Anglo-American relations and the Vietnam War, 1964-8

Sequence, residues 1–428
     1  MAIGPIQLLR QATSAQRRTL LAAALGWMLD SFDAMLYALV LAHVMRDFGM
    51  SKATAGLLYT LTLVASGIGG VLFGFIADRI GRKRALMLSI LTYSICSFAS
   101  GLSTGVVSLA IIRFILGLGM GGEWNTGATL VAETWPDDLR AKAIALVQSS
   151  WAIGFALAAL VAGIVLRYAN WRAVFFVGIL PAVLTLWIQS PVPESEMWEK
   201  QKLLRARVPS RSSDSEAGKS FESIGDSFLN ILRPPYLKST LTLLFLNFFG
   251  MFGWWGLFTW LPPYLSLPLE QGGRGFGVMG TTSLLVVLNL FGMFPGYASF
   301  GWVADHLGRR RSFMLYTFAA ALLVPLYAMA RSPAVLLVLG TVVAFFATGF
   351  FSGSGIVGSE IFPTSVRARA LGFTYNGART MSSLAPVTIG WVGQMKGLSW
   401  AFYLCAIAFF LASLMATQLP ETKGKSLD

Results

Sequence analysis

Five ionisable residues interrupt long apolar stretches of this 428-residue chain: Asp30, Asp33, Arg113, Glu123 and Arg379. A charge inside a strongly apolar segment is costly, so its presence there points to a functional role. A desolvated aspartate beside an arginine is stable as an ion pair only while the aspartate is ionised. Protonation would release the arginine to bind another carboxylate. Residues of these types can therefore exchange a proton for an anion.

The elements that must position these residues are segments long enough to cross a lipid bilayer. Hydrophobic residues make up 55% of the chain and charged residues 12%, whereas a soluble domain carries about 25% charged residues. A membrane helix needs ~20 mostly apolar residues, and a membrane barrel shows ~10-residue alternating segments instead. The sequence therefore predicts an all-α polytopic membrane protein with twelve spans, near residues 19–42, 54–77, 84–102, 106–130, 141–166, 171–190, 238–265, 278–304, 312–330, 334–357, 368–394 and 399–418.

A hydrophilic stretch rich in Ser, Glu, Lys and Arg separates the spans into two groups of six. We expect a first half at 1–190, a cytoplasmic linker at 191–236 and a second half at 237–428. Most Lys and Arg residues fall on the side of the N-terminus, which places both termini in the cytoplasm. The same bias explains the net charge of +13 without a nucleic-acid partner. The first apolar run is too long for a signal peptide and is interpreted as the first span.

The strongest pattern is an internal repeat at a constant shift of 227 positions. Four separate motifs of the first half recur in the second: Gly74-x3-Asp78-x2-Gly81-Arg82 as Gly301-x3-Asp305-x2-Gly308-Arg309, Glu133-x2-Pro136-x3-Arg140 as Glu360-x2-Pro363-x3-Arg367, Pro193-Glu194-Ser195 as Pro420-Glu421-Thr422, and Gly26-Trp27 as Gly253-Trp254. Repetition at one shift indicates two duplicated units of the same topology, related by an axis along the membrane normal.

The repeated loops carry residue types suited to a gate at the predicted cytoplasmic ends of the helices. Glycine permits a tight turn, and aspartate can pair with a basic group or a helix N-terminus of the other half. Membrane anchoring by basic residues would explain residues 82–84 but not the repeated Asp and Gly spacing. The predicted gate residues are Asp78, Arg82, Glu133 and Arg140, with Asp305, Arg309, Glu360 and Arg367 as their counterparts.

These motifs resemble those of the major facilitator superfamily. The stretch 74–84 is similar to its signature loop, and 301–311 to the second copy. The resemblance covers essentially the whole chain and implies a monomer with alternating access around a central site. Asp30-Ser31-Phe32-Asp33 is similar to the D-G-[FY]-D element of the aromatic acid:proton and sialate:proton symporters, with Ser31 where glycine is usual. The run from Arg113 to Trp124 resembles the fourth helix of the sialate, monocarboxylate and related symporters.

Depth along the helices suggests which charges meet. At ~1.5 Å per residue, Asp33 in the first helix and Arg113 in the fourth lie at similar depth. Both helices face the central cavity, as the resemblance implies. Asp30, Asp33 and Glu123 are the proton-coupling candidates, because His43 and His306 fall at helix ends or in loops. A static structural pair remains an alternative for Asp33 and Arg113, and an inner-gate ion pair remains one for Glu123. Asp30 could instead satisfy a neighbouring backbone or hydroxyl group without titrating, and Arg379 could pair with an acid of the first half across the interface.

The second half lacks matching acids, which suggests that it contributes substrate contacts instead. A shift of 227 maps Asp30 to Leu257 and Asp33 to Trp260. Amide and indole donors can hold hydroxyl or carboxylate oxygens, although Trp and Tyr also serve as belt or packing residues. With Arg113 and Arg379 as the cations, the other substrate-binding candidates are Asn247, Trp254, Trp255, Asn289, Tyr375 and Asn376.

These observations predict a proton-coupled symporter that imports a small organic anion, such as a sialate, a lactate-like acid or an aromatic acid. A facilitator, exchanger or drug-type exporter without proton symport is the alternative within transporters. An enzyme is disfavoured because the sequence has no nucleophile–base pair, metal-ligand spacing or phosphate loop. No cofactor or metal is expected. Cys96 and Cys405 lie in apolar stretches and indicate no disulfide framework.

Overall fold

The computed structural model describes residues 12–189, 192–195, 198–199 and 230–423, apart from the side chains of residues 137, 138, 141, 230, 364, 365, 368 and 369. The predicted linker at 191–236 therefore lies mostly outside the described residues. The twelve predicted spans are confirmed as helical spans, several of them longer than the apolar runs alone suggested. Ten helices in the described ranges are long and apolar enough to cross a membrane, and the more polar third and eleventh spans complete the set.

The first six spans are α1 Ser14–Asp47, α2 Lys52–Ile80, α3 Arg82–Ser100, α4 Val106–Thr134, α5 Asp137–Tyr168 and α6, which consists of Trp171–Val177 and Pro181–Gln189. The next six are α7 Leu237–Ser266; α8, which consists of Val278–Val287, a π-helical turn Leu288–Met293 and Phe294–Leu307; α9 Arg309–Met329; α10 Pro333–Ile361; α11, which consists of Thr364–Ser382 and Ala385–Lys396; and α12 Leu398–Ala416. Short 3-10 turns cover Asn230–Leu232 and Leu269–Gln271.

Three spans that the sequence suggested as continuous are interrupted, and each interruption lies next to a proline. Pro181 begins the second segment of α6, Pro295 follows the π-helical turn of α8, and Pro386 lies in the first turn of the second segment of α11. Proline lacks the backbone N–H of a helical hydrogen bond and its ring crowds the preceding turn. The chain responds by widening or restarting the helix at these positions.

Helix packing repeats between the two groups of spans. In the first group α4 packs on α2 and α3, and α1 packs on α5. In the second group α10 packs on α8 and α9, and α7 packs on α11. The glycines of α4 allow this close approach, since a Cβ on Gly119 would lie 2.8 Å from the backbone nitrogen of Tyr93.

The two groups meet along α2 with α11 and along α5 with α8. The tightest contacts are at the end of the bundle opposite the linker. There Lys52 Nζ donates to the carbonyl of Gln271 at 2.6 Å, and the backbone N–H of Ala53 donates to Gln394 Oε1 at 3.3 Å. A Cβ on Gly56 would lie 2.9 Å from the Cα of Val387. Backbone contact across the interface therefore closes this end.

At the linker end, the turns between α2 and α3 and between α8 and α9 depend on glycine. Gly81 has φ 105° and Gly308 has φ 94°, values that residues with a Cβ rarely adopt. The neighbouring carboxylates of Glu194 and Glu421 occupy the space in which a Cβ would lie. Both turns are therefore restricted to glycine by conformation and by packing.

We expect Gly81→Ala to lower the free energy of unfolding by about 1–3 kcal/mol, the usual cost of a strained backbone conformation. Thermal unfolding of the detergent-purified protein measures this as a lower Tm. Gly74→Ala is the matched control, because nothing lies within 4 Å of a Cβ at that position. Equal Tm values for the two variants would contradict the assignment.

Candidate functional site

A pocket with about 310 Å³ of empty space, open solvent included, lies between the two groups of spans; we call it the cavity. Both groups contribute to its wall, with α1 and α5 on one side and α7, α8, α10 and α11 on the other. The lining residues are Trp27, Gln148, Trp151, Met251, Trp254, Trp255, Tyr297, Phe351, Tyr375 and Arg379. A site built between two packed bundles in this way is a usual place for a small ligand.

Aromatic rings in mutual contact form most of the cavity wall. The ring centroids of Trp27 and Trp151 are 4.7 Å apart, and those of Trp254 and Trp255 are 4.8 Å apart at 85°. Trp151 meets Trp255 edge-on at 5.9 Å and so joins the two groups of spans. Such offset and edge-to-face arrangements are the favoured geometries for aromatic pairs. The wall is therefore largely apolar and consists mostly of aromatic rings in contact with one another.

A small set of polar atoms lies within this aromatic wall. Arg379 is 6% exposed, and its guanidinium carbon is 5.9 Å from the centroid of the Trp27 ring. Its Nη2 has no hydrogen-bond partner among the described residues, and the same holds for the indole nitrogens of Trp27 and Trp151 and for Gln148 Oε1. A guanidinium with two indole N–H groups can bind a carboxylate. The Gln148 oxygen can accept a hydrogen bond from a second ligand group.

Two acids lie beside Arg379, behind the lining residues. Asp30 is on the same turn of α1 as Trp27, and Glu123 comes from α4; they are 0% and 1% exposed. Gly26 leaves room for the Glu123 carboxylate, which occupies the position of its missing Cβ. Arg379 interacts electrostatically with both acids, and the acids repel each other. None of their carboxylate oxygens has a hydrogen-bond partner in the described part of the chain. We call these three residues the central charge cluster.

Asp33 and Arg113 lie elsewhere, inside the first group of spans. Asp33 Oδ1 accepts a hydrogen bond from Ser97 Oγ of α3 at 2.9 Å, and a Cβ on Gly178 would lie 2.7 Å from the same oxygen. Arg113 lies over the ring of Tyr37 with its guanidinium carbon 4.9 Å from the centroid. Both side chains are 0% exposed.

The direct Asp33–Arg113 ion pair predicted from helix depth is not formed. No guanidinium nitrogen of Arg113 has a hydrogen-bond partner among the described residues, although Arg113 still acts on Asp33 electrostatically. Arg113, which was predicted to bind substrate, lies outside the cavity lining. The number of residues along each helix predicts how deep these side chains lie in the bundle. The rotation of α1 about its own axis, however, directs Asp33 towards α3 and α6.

It is over thirty years since the U. S. became embroiled in the Vietnam war. Only recently, however, have scholars begun to assess how that involvement in South East Asia affected America's relations with other countries. This thesis examines the impact of the Vietnam war on the relationship between the United States and one of its key allies, Great Britain, during the height of the conflict. It assesses how far Vietnam was a factor in the cooling of transatlantic relations during the mid to late 1960s. Scholars have long noted the decline in importance of Anglo-American relations during the 1960s. It is the contention of this thesis that the Johnson administration's preoccupation with events in South East Asia made the inevitable loosening of ties between the two countries strained and uncomfortable. Although it was not the only problematic issue troubling Anglo-American relations during this period, Vietnam was the one area where there was clear and open conflict. Whereas tensions over sterling and the decision by the British Government to remove its troops from East of Suez prompted feelings of disappointment, sadness and frustration, Vietnam provoked disagreement, misunderstandings, annoyance and accusations of betrayal. At the beginning of their period in office, the British Labour Government desired a `closer' relationship with the United States but by 1968 it was apparent that the Johnson Administration was not amenable to this. This was partly because Britain was now, just one of a number of close allies in Europe; partly because the American President did not develop a personal friendship with the British Prime Minister; but also because the Vietnam conflict had proved an issue - important enough and emotive enough - to cause open and deep disagreement between the two countries.